About a quarter of a million of people die every year in our country from disease of the lungs and throat. A half million others are sick with some ailment of the respiratory system. Much of this misery is due to breathing air full of dust or other impurities. The dust of the street should be kept down by sprinkling. Floors should be oiled or treated with dust-killing substances before being swept. Dust irritates the tender lining of the air tubes and thus opens the way for disease. A damp cloth should be used in dusting furniture, because the dust and disease germs will stick to it and not fly about.
Fig. 70. Finding out how much the lungs will hold. The bottle full of water was turned upside down with its mouth under water in the pan. The boy blows through the rubber tube extending up into the mouth of the bottle and forces out as much water as possible.
From the inner surface of the nose and all air tubes stick out tiny hairlike projections called cilia. These millions of cilia are always waving up and down in such a way as to move any dust particles outward from the lungs. This keeps the air sacs from being filled up.
The lungs of a twelve-year old boy will hold nearly a gallon of air. By effort he can force out at one breath almost three quarts of this. In ordinary breathing, only about one pint comes out at each breath. Many of the air sacs are scarcely used at all and therefore they become weak and liable to disease. The chest instead of being full and round is flat or hollow in front.
Girls and boys should exercise their lungs several minutes each day, by taking in as much air as possible at one breath. They should breathe through the nose so that the air will be warmed and most of the dust caught by the cilia. Swinging the arms back and forth above the head, at the side, behind the back, and in front of the body, strengthens the lungs and wards off disease. In sitting and walking one should hold the trunk erect and the shoulders thrown back, so that air can reach all parts of the lungs.
Fig. 71. How the lungs are squeezed up so that many parts are not used and disease invited.
Fig. 72. A box with two candles and glass front for ventilation experiment. Four corks are in either end for windows. The removal of one cork does not give air enough to permit the candles to burn, but two corks out give sufficient air only when they are at the same end of the box and one above the other.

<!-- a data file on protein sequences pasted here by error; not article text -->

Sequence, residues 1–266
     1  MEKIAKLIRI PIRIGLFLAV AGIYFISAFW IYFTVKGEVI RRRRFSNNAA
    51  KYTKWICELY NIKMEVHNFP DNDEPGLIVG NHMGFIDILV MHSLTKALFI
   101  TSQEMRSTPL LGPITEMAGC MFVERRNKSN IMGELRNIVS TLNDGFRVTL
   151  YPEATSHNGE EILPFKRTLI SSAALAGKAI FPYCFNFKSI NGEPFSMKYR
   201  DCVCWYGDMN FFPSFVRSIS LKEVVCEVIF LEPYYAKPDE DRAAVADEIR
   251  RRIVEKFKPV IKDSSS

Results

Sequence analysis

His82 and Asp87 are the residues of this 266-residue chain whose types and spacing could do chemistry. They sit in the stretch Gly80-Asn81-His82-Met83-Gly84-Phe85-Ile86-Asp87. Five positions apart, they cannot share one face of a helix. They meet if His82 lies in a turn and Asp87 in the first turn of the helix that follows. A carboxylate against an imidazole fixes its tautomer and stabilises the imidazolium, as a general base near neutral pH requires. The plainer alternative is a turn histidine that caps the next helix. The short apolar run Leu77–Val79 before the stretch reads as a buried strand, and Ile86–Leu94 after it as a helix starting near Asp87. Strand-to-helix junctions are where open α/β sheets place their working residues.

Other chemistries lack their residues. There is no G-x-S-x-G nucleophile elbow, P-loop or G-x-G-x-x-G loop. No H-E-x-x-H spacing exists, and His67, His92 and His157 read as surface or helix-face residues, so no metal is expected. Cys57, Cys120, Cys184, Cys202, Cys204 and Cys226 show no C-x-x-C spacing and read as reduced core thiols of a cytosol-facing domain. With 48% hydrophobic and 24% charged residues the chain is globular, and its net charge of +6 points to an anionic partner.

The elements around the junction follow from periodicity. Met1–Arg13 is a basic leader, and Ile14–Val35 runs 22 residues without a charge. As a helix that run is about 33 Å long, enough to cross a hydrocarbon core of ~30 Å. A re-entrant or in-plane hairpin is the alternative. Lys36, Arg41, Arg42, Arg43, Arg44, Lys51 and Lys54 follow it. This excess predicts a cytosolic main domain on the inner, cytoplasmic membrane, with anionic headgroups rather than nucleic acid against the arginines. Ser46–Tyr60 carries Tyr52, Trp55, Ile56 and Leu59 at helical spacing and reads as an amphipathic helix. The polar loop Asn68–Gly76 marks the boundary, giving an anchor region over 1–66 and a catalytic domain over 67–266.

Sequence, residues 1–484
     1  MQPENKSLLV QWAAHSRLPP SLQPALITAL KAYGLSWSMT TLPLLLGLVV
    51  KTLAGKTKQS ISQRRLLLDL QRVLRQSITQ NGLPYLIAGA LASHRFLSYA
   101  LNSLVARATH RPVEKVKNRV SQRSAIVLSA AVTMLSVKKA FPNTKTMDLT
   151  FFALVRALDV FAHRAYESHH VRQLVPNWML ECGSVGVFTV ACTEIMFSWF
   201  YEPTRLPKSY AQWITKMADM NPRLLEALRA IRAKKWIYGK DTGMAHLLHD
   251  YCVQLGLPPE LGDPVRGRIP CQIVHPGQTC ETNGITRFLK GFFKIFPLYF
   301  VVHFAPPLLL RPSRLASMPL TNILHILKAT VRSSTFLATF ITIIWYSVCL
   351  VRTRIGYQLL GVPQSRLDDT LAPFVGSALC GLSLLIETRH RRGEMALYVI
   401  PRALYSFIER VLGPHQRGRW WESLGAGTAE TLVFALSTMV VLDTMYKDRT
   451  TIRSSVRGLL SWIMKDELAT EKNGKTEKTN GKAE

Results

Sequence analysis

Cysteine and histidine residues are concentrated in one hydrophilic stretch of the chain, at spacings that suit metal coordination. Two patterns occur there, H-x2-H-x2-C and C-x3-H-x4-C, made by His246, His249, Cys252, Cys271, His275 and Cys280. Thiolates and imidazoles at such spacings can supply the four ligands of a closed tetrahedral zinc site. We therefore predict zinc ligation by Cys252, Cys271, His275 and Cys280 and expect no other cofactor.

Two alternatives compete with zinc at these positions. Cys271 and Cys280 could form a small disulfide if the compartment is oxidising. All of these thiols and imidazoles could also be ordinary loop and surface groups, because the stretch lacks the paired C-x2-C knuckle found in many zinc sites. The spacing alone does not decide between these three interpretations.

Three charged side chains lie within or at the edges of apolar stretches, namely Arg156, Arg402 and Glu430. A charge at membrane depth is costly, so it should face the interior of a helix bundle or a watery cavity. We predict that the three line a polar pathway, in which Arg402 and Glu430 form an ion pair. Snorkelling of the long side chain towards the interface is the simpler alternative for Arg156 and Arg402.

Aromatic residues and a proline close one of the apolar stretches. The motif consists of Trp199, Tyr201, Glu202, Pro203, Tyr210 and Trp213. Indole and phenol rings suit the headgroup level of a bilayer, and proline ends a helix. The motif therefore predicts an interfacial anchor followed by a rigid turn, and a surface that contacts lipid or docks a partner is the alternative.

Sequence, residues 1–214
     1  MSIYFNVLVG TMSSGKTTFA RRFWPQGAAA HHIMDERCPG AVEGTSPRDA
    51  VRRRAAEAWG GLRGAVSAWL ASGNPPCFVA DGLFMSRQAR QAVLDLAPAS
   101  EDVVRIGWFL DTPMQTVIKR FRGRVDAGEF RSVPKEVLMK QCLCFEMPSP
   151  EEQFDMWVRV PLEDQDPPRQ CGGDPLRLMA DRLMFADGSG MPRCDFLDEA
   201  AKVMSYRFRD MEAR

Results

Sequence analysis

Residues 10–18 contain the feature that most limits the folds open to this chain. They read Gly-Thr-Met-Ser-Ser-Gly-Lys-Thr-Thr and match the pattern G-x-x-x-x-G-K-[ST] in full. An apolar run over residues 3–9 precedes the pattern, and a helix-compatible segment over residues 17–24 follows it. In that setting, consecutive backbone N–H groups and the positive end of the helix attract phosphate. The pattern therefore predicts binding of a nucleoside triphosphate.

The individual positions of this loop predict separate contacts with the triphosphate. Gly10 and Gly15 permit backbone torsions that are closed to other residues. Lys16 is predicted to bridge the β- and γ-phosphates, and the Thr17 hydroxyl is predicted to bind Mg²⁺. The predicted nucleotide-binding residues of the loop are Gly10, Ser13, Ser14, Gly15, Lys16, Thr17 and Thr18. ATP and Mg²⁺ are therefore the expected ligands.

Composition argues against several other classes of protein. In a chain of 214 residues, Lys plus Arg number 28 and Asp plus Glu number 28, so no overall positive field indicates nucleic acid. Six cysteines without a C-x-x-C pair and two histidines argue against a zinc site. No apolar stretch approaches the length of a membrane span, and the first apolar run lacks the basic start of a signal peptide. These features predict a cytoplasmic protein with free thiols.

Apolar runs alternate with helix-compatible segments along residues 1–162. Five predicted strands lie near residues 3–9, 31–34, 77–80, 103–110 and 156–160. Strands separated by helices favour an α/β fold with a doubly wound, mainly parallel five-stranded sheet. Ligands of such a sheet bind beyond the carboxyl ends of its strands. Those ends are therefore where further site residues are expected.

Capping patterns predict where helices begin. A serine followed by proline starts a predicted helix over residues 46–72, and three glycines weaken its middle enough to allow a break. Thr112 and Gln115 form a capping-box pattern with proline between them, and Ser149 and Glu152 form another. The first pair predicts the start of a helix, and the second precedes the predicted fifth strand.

Bands or other clothing worn tight around the waist or chest do not allow the walls of the chest to expand to their fullest extent. For this reason, the lungs cannot be filled completely with air, and the breathing becomes short and labored. The unused parts of the lungs may become diseased. The clothing about the waist should always be loose, especially in children, and the weight of the garments should be supported by straps over the shoulders.
Since-each person uses a pint of air at every breath, and breathes eighteen times per minute, the air in a room soon becomes foul. It must therefore be exchanged for fresh air. This exchange of foul for fresh air in a room is called ventilation. To keep the air of a room pure, twenty cubic feet of fresh air must flow in every minute for each person present.
About 150,000 persons die of tuberculosis in the United States every year. Many more are sick with the disease. One of the chief causes of this illness is impure air. The air of any room containing one or more persons becomes impure in a few minutes, unless some way is provided for the fresh air to enter.
Fig. 73. Ventilating a rural school. Cold air flows up through the pipe a, and is heated by stove b, enclosed in sheet iron c. The smoke stack e warms the air about it in brick flue f and thus draws the foul air through the opening d.
Some years ago a tribe of Indians in Iowa, who were in good health, were persuaded to leave their tents and dwell in small houses. As a result of the impure air in the poorly ventilated houses, about one half of the Indians now have tuberculosis, and the tribe is rapidly dying off from this disease. Living in impure air weakens nearly all organs and prepares them for disease. Schools that are well ventilated have less than one half as many pupils absent on account of sickness as those with poor ventilation.
The air in rooms not well ventilated is usually very dry. This causes the sweat to pass off from the body rapidly and carry with it heat, so that the room seems cold when it is really of a proper temperature.
A room with pure air at sixty-eight degrees will feel warmer than a room with impure dry air at seventy-two degrees. The change from the dry heated air to the moist cool air out doors is a common cause of a cold in the head, often called catarrh. In fact the over heated and poorly ventilated room is a frequent cause of all sorts of colds.
Many children are made tired and sick, and the teacher cross and unfit for duty by the impure air of the schoolroom. All school-houses should have a regular system of ventilation but many have not. Windows pulled down from the top give poor ventilation, because the impure air is heavy and near the floor.